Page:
Jet stream winds are not an ideal source of renewable energy, scientists now claim. Some experts have previously believed the winds in the upper atmosphere might provide an abundant supply of renewable energy.
But studies conducted at Germany's Max Planck Institute for Biogeochemistry in Jena suggest they would generate around 200-times less power than previously thought and have a dramatic impact on weather and temperature.
Axel Kleidon, head of the Max Planck Research Group on Biospheric Theory and Modelling, says, "Our investigations show that the potential of the jet streams as a source of renewable energy was overestimated. It is incumbent on us to carefully study the global impact of renewable energy technologies that seem environmentally sound."
Scientists have claimed the high speeds of the jet stream winds, from 7-16km up in the air, could drive rotary wind turbines hanging in the air like kites.
Rotary wind turbines could hang like kites in the upper atmosphere where the jet streams blow. This photomontage shows what they might look like; © Lee Miller
But the Max Planck researchers say the wind speed comes from the fact that there is hardly any friction in the upper atmosphere, rather than powerful propulsion. In addition, simulation tests show the climate might undergo significant changes if an enormous amount of energy was removed from the jet streams.
The geostrophic jet stream winds constantly move at more than 90km an hour and much work has gone into developing technologies to generate renewable power.
The streams themselves are created as radiation from the sun warms the tropics more than the poles. The difference in temperature in the atmosphere produced a reduction in air pressure, which drives the winds. This limits the wind strength and the amount of wind energy that can be taken from the jet stream.
The rising effect of changes in pressure and the Coriolis force from the rotation of the earth create the power and direction. Winds are forced to the right in the northern hemisphere and to the left in the southern hemisphere.
The streams travel quickly because they originate in the upper atmosphere, far away from the earth and any friction, so little energy is needed to create and maintain the wind flow.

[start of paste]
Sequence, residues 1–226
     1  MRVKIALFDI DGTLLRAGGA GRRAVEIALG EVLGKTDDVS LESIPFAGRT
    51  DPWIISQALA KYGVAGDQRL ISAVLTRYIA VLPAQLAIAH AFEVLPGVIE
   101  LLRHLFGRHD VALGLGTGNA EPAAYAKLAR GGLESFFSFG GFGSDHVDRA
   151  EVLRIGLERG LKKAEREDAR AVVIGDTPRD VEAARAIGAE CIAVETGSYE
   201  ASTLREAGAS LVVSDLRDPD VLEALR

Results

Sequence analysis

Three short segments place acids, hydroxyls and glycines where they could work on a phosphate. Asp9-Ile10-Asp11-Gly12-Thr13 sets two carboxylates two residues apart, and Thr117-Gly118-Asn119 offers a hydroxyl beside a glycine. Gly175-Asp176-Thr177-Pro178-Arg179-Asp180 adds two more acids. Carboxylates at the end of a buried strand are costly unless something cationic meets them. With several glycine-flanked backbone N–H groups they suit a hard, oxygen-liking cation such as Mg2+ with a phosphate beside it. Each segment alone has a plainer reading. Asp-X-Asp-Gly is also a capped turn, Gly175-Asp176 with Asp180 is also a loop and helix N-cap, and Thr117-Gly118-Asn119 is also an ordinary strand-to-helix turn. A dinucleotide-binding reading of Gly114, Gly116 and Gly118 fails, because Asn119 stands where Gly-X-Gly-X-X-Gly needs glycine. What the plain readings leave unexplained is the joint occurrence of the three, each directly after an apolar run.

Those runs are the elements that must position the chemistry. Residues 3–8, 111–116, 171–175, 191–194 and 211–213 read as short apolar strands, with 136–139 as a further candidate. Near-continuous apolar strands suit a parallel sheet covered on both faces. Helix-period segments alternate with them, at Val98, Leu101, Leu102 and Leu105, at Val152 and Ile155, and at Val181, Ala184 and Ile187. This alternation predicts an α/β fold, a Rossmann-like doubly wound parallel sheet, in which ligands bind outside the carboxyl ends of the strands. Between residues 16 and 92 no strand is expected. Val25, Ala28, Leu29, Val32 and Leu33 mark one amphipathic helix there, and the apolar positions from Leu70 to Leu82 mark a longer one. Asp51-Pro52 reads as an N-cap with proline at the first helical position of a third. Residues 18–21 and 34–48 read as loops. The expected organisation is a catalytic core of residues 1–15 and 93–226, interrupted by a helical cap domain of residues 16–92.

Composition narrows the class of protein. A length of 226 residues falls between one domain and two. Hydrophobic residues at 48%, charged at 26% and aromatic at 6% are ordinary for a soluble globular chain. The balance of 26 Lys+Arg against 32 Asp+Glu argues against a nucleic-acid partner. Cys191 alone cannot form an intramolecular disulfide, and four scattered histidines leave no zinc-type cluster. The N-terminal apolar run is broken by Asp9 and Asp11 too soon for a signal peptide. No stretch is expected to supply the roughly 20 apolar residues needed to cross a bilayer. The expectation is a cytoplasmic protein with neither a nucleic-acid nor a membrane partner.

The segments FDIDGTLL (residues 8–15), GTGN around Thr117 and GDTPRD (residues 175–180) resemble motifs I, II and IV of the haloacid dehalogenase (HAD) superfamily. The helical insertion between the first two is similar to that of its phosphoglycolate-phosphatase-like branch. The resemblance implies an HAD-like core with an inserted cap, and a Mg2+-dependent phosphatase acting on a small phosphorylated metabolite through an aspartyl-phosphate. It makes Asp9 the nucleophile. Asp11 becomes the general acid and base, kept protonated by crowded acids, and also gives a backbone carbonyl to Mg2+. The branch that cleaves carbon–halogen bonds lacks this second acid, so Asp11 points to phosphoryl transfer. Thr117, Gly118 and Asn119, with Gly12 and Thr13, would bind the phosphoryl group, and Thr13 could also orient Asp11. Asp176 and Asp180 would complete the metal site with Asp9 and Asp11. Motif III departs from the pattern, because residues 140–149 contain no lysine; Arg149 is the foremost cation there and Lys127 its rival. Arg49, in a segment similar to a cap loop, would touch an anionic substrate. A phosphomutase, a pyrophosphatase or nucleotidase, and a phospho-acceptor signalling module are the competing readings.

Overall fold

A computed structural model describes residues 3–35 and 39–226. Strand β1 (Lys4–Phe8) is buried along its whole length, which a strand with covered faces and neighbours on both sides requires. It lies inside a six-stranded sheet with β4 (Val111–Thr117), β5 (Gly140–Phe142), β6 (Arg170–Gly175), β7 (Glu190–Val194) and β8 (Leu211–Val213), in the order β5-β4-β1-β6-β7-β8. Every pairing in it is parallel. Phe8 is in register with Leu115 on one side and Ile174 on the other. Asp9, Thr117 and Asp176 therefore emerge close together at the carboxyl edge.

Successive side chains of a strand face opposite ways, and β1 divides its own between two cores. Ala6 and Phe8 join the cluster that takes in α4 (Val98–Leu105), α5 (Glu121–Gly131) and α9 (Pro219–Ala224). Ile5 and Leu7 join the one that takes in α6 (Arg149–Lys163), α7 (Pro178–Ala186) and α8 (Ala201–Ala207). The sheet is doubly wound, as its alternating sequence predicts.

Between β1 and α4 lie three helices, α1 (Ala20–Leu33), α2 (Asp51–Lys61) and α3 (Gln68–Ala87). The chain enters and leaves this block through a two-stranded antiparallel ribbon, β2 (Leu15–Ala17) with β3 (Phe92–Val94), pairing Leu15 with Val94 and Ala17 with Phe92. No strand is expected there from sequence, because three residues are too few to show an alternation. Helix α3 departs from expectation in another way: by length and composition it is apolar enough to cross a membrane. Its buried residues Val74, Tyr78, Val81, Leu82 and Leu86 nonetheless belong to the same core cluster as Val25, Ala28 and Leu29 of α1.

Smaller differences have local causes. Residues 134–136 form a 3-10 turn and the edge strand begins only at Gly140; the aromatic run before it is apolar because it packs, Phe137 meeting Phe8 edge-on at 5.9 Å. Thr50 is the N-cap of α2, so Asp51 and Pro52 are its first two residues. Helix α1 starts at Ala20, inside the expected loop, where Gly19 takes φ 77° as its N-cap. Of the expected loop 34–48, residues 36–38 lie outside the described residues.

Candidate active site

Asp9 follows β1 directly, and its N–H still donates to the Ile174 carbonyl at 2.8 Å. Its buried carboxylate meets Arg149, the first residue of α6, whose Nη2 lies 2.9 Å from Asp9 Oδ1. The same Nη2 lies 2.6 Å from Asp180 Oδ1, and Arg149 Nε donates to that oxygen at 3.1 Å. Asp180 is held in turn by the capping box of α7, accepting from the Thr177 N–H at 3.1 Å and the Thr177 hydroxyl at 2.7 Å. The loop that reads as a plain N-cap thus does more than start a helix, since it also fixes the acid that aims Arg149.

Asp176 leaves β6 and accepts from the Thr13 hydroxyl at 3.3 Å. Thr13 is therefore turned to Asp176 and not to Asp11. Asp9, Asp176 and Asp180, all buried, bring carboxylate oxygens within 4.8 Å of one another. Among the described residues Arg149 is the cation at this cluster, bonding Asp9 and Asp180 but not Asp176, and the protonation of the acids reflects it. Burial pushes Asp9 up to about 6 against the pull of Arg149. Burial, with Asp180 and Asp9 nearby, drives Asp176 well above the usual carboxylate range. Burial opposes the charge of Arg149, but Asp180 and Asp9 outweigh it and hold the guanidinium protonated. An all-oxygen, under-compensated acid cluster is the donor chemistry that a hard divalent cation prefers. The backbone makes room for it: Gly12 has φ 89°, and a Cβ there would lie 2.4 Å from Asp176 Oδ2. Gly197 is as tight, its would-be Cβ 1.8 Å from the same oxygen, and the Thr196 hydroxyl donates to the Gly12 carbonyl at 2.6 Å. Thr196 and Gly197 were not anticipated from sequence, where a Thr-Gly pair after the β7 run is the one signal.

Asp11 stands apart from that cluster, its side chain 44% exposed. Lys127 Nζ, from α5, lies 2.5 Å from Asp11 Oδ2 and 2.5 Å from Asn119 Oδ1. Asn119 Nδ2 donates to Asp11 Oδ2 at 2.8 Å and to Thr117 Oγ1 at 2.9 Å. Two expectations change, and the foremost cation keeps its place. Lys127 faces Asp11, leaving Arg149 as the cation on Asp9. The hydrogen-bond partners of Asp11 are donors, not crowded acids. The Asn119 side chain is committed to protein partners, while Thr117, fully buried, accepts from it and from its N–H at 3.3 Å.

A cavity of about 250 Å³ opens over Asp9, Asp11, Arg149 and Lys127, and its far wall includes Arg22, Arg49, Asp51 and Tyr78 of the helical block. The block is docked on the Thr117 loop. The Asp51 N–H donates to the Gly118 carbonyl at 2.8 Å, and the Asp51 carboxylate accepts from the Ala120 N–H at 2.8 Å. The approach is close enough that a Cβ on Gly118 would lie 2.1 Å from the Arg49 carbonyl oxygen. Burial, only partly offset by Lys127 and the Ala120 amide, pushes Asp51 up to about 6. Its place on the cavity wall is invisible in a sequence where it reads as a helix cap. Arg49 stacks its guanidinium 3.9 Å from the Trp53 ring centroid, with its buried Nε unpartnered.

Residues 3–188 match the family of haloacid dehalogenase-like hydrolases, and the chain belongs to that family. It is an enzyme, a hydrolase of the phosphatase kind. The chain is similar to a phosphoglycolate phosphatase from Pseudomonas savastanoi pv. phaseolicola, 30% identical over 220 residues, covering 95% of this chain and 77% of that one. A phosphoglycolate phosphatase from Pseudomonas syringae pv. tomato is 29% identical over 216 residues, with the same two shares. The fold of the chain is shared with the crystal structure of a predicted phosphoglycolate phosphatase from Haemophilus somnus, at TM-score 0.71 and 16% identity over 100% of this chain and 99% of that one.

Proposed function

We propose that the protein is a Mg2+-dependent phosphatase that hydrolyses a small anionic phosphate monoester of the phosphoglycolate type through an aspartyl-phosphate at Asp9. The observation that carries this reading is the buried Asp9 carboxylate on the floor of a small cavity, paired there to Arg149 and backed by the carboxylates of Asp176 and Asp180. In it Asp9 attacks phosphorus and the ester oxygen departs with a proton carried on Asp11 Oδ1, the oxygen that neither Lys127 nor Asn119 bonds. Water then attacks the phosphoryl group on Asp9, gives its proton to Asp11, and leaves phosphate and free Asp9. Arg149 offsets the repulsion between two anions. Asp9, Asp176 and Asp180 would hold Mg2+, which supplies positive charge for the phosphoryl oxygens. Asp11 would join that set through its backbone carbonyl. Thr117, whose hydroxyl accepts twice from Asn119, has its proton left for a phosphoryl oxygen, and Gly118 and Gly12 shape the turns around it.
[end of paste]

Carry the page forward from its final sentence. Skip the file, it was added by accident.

Axel Kleidon explains, "It is precisely this low energy requirement that limits the potential for using the jet streams as a source of renewable energy."
A high level of kinetic energy does not necessarily mean that it can be used in wind power stations. Top: A model simulation of kinetic energy transport. Bottom: The maximum extraction rate. The transport of kinetic energy is often wrongly seen as a measure of wind output, whereas it merely reflects high transport in the near absence of friction. This is why the extraction rate (bottom) is several orders of magnitude lower; © Lee Miller / MPI for Biogeochemistry
After carrying out atmospheric tests and climate simulations, the group says the maximum output of energy from the jet stream winds in 7.5terawatts (7.5million megawatts). This is 200-times less usable wind energy than detailed in earlier studies and around 40% of half of mankind's primary energy requirements.
Wind turbines create a resistance to convert wind energy to power and if energy was taken from the jet stream, it would upset the balance of jet stream forces in a major way, slowing the climate system and wiping out the temperature differentials between the equator and the poles, the group claims.
Lead author, Lee Miller, says, "If we used wind turbines to take 7.5 terawatts out of the atmosphere at the level of the jet streams, about 300 terawatts less energy would be generated in the atmosphere as a whole. This would have a drastic impact on temperature and weather."